The NZ Drug Foundation is calling for donations to help them distribute a life-saving medication they have been spending years calling for.
The organisation has set up a Givealittle page to help fund the distribution of naloxone, a medicine that reverses opioid overdoses, to mark International Overdose Awareness Day today, Tuesday 31 August.
NZ Drug Foundation Executive Director, Sarah Helm, says that around 46 New Zealanders die each year from opioid overdoses and a further 650 are hospitalised.
“Those numbers are tragic, but we also face the risk of an opioid crisis, like that being experienced in North America and Europe. In those areas, tens of thousands of people are dying from drugs like MDMA, methamphetamine and heroin being adulterated with a powerful and deadly opioid, fentanyl.”
A recent report in the International Journal of Drug Policy also said New Zealand is “grossly underprepared” should an opioid crisis hit.
“Naloxone saves lives,” says Helm. “Overseas, including in Australia, naloxone is being freely distributed to people who use drugs to take home with them, through pharmacies, charities and GPs. And first-responders like police and ambulances are equipped with it.”
“We have been calling for naloxone distribution for several years now and while there has been small progress – we now have a nasal spray approved that people can take home with them, and some ambulances and some Needle Exchanges have it on hand – it is still not funded and is not widely distributed.”
Helm says if we wait for a crisis before we increase naloxone availability, it will be too late. “If we saw MDMA or methamphetamine adulterated with fentanyl in New Zealand, we would likely have scores of people die quite quickly.”
“We would be stuck, because access to naloxone is restricted – for example there are only some hundreds of doses of the easier to use nasal spray even in the country at the moment. And because drug use is illegal, and therefore the people using are somewhat unknown, it would be difficult to distribute the medication in a crisis.”
“One of our staff is from Canada and experienced the opioid crisis first-hand. She lost close friends very suddenly to an adulterated supply of MDMA. Her and other students ended up having to be trained to administer first aid and naloxone overnight.”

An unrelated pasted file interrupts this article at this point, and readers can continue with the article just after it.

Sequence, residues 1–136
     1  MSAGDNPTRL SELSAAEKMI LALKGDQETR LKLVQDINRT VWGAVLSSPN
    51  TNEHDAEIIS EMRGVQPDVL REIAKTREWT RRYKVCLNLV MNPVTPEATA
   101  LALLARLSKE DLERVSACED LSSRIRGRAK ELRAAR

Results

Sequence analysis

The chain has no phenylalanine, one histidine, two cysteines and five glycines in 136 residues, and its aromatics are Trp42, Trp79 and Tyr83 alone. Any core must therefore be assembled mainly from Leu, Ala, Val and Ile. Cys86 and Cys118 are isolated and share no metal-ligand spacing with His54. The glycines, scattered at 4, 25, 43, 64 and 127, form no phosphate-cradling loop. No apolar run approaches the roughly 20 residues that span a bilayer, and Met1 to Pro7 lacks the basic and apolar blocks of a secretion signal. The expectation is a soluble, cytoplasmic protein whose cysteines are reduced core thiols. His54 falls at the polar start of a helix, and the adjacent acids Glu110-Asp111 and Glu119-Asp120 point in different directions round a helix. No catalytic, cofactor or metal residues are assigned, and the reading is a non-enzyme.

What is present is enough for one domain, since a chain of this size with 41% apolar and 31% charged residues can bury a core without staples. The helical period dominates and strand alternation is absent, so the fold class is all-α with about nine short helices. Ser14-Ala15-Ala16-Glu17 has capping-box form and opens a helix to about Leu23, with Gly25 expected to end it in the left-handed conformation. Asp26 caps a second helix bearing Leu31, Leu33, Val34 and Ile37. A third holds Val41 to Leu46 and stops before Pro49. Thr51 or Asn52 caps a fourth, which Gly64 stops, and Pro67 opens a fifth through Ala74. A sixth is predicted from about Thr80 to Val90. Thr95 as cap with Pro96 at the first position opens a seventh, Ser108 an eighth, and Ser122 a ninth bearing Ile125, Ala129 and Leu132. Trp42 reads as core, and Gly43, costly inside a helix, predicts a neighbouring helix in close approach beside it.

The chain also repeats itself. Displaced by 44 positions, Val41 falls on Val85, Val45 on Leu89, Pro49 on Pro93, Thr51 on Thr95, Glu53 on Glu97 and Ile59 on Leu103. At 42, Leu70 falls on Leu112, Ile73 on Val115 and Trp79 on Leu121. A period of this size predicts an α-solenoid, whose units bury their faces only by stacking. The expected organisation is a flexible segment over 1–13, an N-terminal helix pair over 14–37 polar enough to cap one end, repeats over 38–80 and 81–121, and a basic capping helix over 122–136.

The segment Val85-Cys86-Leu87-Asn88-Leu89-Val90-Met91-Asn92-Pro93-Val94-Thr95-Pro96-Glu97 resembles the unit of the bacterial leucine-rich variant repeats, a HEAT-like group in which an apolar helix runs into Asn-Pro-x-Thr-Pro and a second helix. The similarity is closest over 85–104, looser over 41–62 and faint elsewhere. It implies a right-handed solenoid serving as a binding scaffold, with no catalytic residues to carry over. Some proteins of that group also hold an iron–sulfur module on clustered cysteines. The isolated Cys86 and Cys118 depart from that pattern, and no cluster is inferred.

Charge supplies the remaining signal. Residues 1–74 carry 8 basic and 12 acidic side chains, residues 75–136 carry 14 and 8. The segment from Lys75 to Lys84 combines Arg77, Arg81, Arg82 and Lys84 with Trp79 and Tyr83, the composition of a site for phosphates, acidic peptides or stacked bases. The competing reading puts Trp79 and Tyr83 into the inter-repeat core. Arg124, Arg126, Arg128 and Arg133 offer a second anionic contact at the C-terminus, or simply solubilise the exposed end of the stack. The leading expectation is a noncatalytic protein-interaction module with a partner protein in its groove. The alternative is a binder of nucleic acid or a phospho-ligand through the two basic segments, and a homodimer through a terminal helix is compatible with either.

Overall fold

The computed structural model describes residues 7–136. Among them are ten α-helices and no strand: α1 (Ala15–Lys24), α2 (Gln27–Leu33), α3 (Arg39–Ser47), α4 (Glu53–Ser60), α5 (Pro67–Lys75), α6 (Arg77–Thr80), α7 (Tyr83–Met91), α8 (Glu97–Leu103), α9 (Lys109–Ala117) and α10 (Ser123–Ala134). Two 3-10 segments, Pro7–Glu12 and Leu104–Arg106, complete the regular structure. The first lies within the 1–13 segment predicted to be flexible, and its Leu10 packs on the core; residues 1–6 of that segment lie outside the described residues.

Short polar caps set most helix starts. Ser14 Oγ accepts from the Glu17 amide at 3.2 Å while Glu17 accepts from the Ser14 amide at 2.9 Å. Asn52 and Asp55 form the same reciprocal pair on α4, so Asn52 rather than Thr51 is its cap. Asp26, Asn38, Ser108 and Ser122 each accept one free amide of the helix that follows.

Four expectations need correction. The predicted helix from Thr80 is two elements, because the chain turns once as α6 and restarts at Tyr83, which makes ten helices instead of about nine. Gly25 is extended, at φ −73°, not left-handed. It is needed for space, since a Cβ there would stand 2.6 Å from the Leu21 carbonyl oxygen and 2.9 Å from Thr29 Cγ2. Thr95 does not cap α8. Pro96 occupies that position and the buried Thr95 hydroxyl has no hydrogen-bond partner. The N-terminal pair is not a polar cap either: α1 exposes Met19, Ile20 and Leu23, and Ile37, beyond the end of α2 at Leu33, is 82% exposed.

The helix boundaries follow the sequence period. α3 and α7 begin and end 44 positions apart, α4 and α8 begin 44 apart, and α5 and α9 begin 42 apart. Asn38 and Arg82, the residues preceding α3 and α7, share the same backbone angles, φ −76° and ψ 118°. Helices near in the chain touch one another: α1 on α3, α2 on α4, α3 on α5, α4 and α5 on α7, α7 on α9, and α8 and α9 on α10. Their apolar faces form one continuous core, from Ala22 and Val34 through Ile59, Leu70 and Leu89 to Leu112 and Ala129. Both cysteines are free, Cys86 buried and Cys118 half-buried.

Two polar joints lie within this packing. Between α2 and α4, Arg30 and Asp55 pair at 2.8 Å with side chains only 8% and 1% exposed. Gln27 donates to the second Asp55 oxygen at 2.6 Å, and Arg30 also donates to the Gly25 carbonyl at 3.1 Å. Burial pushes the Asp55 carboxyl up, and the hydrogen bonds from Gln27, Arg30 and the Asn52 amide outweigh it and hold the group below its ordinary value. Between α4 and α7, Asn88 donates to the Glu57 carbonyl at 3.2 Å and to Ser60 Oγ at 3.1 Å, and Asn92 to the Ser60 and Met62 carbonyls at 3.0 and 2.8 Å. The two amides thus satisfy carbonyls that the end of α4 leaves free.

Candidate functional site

“That is why we want to proactively get naloxone out there now – to people who are using opioids and are already at risk, and to people who use drugs like MDMA and methamphetamine, and in the hands of all first responders like police and ambulances.”
“We hope a drug company will apply for Pharmac funding now, but we want to start getting this stuff out there now not wait more years while more lives are lost.”
In Australia, a three year pilot has seen positive results. Naloxone distribution has also meant helpful conversations and relationships have been formed between people who use drugs and the pharmacy, doctor or non-profit giving it out.
“We can’t in good conscience keep waiting and do nothing. That’s why we are calling on people to donate now to help us raise $45,000 to purchase an initial 500 doses of naloxone. We will work with our partner organisations like the Needle Exchange to distribute these, while we continue to champion proper funding and distribution plans being put in place.”
In the last year, Police have also advised the risk has grown with the reappearance of ‘homebake’ heroin, which can be more potent and unpredictable.
“The Needle Exchange are applying for some funding to get naloxone to heroin users in New Zealand, and we are very supportive of that. We need a lot more doses of naloxone available to meet current and emerging need.”
People can donate to the Drug Foundation’s appeal at givealittle.co.nz/cause/help-stop-opioid-deaths